European exchange traded funds are catching up with the US in terms of size and efficiency, but there are fundamental psychological and structural barriers to break down
In their fifth year of existence, Europe's exchanged traded funds (ETF) continue their success story. Launched in April 2000 by Deutsche Börse and the London Stock Exchange, Europe's ETF market has enjoyed substantial growth and with 2005 off to a strong start, Europe has emerged as a serious player in the market.
In the opening months of 2005, European ETF assets under management surged more than 17%. At the same time, the US market saw a 2% decline. Similarly, turnover jumped 97%, compared to the US's 31.7% increase. Structural and cultural barriers, however, make long-term ETF growth on the continent more challenging than in the US.
first the good news
The new EU member states represent some of the fastest growing markets in the world. ETFs have been celebrated as easy-to-use tools to get a piece of the emerging market region without having to understand the intricacies of each country. ETFs have also encouraged investors to buy into new markets where purchasing individual equities can be hampered by wide bid/offer spreads and liquidity issues.
Standardisation has also helped. Indeed, six investment companies in Europe offer ETFs based on the Dow Jones EURO STOXX 50 Index alone. Harmonised ETF products enable investors to enjoy the best products on the market at the institution of their choice. Finally, growth has been enhanced by the emergence of institutional investors trading options and futures on ETFs.
Though the first part of the year signals the entry of ETFs into the European mainstream, the region has a long way to go before approaching US levels. The continent's 122 ETFs are not far behind the US's 164 products, but by assets under management, the US's $223bn dwarfs Europe's $30bn. Looking ahead, the US and Europe are set to launch another 20 to 30 ETFs this year.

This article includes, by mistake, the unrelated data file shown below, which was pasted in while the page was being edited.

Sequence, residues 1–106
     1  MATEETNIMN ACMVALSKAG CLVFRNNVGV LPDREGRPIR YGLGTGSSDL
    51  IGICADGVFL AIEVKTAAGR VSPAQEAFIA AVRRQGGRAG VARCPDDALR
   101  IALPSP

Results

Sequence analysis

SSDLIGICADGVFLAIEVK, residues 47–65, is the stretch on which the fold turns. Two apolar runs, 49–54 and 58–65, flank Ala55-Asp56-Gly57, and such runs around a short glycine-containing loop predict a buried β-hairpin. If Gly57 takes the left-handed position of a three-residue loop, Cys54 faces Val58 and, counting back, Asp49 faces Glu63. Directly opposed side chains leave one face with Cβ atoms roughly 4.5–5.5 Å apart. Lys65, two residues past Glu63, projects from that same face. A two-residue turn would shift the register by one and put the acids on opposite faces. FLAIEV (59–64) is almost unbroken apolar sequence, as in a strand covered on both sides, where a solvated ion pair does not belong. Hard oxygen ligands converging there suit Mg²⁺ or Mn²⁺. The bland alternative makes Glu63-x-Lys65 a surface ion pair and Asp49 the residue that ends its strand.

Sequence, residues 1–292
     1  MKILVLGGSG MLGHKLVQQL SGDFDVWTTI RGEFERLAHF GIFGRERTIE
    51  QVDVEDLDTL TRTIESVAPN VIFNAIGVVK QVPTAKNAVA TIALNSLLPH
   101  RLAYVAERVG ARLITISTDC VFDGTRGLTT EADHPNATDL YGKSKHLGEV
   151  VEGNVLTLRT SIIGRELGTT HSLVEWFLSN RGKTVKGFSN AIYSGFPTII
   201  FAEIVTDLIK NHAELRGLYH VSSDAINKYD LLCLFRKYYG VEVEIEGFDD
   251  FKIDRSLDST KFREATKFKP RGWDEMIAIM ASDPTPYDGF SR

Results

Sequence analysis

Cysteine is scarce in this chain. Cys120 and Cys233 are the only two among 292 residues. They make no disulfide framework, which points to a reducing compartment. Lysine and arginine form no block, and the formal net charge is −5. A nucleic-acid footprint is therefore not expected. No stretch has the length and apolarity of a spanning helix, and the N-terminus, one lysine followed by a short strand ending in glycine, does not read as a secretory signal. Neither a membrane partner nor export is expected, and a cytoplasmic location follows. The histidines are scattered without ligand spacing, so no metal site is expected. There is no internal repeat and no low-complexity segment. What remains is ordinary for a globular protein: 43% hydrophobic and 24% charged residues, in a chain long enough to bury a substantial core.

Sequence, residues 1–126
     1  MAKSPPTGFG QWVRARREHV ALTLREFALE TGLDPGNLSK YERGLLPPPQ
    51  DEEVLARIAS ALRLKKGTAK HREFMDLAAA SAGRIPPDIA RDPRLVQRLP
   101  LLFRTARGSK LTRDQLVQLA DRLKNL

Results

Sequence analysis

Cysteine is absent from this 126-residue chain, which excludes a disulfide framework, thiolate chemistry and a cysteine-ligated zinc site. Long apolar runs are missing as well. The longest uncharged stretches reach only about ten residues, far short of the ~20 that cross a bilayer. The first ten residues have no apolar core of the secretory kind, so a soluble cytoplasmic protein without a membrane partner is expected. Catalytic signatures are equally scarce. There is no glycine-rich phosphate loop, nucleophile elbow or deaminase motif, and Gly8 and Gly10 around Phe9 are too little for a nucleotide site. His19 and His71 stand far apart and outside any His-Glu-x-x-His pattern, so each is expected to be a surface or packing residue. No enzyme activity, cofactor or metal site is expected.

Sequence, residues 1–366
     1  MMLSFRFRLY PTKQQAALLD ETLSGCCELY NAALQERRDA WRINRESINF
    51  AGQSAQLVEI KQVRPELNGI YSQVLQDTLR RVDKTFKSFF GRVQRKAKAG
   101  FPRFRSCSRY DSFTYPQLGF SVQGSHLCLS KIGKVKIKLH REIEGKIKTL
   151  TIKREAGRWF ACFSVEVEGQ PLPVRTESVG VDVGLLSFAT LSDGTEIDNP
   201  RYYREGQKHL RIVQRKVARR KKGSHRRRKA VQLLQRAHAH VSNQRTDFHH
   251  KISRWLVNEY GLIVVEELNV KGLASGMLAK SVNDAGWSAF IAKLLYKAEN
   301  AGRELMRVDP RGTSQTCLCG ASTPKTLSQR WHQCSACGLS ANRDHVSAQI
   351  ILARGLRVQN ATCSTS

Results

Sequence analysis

The US's seven-year headstart explains much of the disparity. Well known products such as the SPDR S&P 500, the Nasdaq 100 Index Tracking Stock and DIAMONDS based on the Dow Jones Industrial Average have had time to grow and mature. Institutional and retail investors alike have come to first understand, then recognize and finally demand these products. Combined, those three ETFs represent approximately 33% of US ETF assets under management. Significantly, these products have provided an easy-to-understand introduction to ETF investing, encouraging traders to expand into additional offerings. These products, primarily sector and style ETFs, account for another 25% of US ETF assets under management.
US pension fund managers have also done much to drive ETF adoption. Eager to reduce costs, boost transparency and simplify trading procedures, US pension funds have widely embraced ETFs and highlighted their use to their investors. And although US investors are more focused on their home market - less than 20% of ETF assets under management are invested in international markets - there is growing recognition of the utility of ETFs in diversifying abroad.
Last, the size and diversity of the US market has also helped build new products. The American equity universe of 9,000 liquid shares has made it easier to create specialised, broad-based ETFs which are wildly popular among the retail and institutional sectors. Hedge funds, which drive tremendous amounts of volume on US exchanges, also enjoy using for example sector and style ETFs for their low costs and highly targeted nature. Indeed, AUM for those ETFs grew by more than 120% over the last 18 months.